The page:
How do we narrow the gap and bring people closer when, for various reasons, we are distanced from them? Just as the pandemic has forcibly detached us from each other, there have been other times in my life when I had to make an extra effort to draw others near. For 10 years, I worked in a small neighborhood shop selling freshly made pasta, homemade sauces, appetizers and entrees for take-out, as well as imported Italian products. The Italian owners represented three generations, and the entire kitchen staff, who prepared their specialties, was Hispanic. I was the odd man out, working at the front of the store in sales, often feeling like an island unto myself, as I was neither family nor among compadres.
Food has always been my means of attempting, if unconsciously, to draw folks in. I brought in dishes to share with the staff and owners, but the matriarch was a hard one to win over, seeing my offerings as a challenge to her sovereignty in the kitchen. After a while, it wasn’t seen as competition, and the workers (from the Dominican Republic, Colombia and Venezuela) particularly loved when I arrived with my take on a dish of Spanish or Latin descent. Even “the mother,” as I referred to her, accepted my offerings and praised me.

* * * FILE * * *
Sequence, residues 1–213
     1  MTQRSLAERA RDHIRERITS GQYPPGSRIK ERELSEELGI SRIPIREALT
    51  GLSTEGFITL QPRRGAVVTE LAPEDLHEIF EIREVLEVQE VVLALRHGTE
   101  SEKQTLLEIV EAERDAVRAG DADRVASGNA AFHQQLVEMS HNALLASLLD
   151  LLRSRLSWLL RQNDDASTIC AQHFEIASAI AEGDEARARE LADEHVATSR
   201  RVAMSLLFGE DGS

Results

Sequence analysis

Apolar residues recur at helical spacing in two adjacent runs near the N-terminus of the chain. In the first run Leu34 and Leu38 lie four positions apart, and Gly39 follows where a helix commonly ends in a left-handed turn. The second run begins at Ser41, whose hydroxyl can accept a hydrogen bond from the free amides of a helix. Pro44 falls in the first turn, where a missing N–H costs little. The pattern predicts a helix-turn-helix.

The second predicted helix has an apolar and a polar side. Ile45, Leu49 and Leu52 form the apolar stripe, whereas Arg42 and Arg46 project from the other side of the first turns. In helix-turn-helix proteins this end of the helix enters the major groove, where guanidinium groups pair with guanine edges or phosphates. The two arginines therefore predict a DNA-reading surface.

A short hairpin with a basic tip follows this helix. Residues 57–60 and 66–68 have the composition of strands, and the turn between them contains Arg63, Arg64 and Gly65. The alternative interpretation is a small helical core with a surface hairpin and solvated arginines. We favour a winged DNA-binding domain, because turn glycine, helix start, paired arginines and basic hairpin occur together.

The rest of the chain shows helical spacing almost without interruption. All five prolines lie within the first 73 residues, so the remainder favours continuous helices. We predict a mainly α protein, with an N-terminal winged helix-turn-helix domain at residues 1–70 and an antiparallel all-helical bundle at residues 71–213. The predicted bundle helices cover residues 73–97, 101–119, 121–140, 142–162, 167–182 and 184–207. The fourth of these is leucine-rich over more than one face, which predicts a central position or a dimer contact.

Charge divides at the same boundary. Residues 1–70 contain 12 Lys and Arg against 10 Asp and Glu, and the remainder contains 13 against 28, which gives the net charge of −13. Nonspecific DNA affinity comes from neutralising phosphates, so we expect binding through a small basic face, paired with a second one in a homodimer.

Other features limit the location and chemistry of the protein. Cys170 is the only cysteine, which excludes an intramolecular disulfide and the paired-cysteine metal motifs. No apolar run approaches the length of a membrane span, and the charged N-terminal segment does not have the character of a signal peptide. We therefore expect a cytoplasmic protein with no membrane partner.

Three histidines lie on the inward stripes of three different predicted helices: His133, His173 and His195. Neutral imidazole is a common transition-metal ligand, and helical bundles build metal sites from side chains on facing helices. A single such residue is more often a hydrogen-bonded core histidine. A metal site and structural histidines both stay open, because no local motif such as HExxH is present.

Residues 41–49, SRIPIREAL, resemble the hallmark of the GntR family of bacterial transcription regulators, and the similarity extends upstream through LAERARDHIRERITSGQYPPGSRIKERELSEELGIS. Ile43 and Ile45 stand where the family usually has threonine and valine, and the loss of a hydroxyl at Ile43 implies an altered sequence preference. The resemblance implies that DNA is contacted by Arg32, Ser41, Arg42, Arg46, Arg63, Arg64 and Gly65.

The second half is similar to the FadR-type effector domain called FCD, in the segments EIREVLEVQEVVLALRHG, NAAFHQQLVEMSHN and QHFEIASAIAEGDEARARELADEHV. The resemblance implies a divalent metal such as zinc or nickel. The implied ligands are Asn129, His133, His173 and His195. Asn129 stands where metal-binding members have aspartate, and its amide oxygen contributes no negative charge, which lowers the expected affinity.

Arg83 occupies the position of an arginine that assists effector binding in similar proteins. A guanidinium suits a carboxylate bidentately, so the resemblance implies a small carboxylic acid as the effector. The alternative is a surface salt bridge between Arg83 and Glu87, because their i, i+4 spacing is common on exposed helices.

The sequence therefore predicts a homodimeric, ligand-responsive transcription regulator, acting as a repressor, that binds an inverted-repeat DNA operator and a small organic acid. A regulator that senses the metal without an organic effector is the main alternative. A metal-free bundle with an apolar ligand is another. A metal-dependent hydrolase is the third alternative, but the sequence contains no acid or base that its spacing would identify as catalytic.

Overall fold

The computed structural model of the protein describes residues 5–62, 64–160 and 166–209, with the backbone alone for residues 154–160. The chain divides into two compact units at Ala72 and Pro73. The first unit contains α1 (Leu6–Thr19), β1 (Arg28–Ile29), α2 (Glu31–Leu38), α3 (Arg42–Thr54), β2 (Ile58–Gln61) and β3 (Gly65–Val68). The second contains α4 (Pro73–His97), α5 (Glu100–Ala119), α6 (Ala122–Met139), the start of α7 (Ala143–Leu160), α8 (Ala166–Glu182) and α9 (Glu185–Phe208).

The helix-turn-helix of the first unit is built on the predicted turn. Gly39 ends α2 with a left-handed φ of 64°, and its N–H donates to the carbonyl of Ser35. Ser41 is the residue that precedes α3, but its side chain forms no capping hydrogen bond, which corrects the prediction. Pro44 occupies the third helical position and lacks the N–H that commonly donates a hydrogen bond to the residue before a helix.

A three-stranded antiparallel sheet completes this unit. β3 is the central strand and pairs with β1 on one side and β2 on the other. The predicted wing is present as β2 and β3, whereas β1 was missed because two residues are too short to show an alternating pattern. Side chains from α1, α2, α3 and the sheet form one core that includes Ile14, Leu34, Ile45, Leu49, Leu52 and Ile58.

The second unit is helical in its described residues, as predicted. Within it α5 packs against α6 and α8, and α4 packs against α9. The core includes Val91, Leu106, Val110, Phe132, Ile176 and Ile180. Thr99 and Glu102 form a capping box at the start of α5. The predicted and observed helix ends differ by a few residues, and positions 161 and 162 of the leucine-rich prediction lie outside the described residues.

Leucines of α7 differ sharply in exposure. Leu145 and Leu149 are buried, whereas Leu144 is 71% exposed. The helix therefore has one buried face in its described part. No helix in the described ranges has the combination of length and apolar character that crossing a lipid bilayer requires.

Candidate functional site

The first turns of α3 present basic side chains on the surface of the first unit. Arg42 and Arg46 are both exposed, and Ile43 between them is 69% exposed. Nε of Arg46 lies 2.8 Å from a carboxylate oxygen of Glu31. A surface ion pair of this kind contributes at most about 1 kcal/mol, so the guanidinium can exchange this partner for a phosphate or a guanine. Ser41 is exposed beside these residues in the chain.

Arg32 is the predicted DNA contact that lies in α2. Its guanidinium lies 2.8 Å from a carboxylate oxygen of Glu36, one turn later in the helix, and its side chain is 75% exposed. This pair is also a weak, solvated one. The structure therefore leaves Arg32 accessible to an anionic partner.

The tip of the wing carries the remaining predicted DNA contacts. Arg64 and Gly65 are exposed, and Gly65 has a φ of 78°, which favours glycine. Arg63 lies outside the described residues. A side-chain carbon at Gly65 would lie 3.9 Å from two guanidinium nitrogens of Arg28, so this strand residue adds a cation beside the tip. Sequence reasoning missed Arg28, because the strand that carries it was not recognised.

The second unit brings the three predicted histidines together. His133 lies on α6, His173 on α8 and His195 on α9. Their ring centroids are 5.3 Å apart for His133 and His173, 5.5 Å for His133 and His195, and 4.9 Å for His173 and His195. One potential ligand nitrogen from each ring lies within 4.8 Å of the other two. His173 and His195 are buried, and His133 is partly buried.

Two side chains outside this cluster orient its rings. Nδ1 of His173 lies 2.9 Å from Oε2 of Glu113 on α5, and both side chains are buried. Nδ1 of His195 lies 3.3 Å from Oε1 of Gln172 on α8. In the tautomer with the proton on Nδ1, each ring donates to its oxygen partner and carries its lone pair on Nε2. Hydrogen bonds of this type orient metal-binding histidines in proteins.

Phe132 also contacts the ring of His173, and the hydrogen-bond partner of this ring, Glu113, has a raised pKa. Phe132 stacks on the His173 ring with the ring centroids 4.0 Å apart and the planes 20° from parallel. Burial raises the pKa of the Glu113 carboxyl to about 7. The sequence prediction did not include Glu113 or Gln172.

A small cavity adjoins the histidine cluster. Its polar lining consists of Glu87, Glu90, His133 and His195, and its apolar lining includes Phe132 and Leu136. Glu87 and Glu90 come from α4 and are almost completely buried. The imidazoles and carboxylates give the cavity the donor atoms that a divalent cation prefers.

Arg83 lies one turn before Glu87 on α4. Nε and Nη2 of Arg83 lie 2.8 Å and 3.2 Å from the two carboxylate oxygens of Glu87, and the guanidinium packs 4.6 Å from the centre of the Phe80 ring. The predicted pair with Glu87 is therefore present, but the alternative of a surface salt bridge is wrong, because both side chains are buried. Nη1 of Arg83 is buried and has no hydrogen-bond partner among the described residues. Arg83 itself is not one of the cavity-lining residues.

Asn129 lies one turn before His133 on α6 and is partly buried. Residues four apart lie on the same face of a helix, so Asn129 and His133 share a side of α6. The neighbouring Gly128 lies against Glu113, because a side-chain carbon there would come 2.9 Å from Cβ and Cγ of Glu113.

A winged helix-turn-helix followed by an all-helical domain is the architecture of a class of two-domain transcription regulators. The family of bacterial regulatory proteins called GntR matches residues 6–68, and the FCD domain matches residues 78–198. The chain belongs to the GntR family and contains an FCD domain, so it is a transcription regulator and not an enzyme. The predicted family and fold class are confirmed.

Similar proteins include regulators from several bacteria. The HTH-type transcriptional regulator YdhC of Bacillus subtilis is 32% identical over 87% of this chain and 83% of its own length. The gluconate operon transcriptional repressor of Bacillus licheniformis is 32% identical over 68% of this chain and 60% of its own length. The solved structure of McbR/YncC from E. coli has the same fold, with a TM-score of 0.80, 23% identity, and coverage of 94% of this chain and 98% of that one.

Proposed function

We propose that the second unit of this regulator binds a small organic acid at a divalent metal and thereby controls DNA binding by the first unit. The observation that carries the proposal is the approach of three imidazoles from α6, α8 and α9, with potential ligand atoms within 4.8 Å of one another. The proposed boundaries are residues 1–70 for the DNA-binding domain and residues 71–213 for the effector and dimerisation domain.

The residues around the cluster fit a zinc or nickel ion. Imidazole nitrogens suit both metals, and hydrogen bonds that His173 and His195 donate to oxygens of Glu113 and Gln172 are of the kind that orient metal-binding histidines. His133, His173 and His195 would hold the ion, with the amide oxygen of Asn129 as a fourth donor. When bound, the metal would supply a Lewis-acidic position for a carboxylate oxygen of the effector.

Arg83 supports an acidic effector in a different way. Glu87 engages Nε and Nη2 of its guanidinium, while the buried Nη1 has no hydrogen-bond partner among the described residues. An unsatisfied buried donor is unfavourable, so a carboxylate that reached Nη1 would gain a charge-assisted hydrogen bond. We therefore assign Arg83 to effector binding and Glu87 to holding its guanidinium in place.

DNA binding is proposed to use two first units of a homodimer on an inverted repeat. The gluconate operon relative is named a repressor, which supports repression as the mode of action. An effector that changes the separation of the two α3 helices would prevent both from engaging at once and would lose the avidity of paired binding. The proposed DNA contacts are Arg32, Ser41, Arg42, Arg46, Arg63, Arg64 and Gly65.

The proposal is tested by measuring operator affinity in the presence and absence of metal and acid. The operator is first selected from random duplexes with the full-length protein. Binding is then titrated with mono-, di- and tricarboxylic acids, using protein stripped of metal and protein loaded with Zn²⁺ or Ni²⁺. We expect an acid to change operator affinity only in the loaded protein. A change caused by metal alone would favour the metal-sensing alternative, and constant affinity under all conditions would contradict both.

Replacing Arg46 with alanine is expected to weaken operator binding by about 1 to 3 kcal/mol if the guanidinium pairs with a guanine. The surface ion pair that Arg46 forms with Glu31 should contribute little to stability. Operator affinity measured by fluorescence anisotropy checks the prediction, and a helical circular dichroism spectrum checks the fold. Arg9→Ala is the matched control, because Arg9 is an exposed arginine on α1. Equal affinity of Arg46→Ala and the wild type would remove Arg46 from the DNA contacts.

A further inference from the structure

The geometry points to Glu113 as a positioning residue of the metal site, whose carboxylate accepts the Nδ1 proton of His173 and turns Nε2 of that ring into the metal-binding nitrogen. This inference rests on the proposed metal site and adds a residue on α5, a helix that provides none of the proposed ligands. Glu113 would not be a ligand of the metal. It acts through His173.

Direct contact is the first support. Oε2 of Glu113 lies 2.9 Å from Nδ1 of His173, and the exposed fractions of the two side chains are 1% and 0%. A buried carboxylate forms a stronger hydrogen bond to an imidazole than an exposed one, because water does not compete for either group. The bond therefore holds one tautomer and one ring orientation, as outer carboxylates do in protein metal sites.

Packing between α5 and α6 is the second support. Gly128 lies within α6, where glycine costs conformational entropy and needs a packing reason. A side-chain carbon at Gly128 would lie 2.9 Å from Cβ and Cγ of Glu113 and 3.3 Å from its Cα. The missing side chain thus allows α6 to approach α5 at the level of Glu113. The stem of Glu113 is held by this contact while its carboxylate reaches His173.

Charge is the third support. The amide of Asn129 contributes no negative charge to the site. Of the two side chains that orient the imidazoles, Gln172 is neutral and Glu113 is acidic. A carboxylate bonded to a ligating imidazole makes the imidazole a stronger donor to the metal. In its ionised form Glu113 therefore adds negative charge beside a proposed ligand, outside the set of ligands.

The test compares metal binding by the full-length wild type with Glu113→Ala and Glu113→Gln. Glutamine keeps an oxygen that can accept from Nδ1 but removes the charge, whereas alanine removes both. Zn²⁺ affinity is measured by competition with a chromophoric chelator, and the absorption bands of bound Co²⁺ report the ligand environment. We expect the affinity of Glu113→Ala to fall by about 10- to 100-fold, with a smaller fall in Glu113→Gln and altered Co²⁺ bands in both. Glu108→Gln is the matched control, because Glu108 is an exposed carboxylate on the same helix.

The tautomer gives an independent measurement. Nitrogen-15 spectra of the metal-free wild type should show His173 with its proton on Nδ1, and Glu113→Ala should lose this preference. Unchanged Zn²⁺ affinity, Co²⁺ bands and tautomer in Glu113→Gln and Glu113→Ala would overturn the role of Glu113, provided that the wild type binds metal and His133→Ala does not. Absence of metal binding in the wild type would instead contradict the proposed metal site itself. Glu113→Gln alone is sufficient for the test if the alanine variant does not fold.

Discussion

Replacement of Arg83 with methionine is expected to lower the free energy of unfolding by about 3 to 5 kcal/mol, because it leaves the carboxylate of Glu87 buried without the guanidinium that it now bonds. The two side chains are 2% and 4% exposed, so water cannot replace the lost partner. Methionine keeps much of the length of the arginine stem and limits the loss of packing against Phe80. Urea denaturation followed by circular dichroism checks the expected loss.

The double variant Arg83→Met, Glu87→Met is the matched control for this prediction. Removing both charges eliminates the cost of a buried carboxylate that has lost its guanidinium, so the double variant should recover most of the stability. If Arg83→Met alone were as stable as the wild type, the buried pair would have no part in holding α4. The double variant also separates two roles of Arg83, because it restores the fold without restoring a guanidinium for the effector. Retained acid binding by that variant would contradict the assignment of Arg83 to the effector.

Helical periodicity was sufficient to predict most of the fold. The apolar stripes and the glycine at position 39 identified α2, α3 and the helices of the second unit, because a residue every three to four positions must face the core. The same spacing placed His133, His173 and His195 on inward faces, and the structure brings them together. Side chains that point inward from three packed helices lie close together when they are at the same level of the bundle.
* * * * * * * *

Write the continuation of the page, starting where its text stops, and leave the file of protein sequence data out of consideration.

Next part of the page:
Every Christmas, my sister, Janet, and I spent days baking an assortment of unusual and visually inviting cookies: coconut macaroons with grated orange zest dipped in dark chocolate, shortbread sandwich cookies filled with apricot or berry preserves and drizzled with that same intense bittersweet chocolate, crisp-edged, chewy spiced cookies in which were hidden tiny bits of crystallized ginger. I packed my Christmas treats in individual containers, placed them in holiday shopping bags, each with a name tag and handwritten note in the language of the recipient, and brought them round to co-worker on the morning of Christmas Eve. It was my way of trying to bridge the cultural gap between me and those I worked with. The distance between us narrowed over time.
Upstate at our house, our tradition of baking for the holidays includes a box of homemade cookies placed in our mailbox for Kathy, who has delivered our mail for years. A few days later, along with the magazines and letters, we find a handwritten note thanking us for the confections. Other friends and neighbors receive gifts of spiced nuts, tea cakes, or assorted cookies.
And now, to the present: We have spent the past seven months trying to maintain relations with family and friends while the world caved in and crumbled around us. Before the summer arrived, we were ensconced in our own world, reaching out by phone or email in an attempt to remain connected. Once again, food played a part in my trying to remain in touch if at arms-length. If I had made too much of some dish and had leftovers, we would jump in the car and drive it around the corner to deliver it, warm, to our neighbors. Sometimes, I would simply prepare another whole portion of whatever I was cooking, say a savory vegetable bread pudding, called a strata, in its own casserole dish which we would drop off at our friend’s place.